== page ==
On a trip in Australia, I came across two charming septuagenarian ladies.
They were offering silver table-ware, silver jewellery and two not-so-old Netsuke of dubious origin and age. Amidst all, I spotted a small green box with a lid that no longer closes properly. Carefully, I placed it in the palm of my hand and upon opening the lid, found a complete traveler’s writing set. The box covered in green shagreen, was lined with red satin. What had taken me aback was the small size of the writing set, but more so, that it was well used and yet in its complete, original state.
The small writing set is feminine by all means. I envisioned a young lady leaving England from one of the ports in the South, heading out on a long journey, not without fraught, to a new world, a new continent, called Australia. I imagine her being very young and having to travel with her family, leaving a heart-broken love back-home. Why this assumption? At the center of the travelling set rests an engraved small seal made from a natural crystal. For a seal it has the inconvenient shape of a conical drop with a silver hook that would allow its owner to wear it inconspicuously around the neck, as a simple piece of jewellery. The engraved surface shows two hearts, side to side, touching each other and bound together. Above the hearts the word UNIT is carved in an old font type and underneath the hearts, one can see a line of small flames. I can visualize our lady pressing its surface in red ink on letters of love and longing that travelled a long way back home.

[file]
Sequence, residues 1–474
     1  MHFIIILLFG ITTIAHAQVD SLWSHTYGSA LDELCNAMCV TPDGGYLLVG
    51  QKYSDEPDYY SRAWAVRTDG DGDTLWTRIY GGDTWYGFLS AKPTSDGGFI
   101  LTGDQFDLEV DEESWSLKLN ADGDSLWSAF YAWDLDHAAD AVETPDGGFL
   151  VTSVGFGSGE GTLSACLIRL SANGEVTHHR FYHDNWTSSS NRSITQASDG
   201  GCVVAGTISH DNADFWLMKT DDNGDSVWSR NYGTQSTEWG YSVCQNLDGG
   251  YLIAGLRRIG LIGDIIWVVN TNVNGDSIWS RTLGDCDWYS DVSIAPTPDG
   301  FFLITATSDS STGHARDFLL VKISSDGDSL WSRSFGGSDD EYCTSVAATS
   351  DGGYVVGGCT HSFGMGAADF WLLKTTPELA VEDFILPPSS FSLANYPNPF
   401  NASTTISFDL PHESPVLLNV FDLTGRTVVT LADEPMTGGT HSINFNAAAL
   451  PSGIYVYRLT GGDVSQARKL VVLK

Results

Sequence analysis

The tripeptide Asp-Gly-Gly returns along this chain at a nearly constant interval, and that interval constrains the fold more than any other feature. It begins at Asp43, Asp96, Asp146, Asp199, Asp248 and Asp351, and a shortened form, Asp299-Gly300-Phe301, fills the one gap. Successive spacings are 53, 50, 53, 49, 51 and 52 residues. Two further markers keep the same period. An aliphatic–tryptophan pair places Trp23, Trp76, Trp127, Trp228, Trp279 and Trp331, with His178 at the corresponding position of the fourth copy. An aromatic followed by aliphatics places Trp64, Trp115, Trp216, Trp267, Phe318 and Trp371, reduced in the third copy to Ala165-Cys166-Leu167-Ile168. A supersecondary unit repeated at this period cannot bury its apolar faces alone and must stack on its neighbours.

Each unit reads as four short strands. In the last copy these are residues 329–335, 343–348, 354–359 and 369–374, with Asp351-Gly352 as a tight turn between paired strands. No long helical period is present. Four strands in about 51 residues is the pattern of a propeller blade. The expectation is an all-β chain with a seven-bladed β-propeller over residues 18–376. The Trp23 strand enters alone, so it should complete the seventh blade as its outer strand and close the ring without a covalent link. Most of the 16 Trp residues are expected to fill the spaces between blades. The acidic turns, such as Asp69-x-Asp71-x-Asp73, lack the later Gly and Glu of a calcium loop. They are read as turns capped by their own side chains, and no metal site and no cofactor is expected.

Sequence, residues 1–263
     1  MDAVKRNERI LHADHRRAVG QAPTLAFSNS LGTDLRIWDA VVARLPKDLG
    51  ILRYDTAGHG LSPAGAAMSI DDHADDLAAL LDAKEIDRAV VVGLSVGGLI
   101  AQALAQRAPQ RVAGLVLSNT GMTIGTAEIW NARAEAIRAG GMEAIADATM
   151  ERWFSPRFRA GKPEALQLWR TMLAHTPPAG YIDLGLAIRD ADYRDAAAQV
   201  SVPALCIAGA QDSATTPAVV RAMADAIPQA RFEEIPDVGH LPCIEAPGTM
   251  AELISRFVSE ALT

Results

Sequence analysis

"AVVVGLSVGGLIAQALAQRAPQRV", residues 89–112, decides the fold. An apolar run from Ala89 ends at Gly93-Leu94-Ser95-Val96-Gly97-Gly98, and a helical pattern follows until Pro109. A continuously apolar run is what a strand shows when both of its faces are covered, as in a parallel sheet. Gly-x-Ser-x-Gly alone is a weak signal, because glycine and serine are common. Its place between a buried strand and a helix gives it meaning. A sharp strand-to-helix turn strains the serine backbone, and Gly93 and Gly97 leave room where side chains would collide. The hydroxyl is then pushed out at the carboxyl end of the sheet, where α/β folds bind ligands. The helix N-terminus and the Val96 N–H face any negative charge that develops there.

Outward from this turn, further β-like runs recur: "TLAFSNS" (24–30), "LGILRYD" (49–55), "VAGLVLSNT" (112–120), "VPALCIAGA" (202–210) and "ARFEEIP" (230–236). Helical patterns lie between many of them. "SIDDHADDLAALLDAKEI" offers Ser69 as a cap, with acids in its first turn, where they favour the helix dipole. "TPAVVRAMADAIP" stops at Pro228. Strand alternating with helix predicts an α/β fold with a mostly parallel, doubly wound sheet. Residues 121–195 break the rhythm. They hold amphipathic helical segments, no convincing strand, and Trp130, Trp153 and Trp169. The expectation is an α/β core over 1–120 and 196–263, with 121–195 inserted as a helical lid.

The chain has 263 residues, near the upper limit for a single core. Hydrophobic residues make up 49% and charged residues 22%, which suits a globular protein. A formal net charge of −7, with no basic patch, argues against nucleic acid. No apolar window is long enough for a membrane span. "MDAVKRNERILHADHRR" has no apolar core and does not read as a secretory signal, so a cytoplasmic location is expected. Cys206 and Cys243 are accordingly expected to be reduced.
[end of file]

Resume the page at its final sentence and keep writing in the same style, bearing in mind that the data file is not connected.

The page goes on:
The set is complete with two small glass jars with decorative silver lids to the left and right of the crystal seal. I did not manage to open one of the glass jars and it still contains the original black, sand-like, reflecting powder, which I have not managed to identify. Above the jars and seal, along the length of the small box rests a round, decorated silver “stem” on which three different types of steel quills and a small knife, arranged symmetrically around the seal, can be mounted.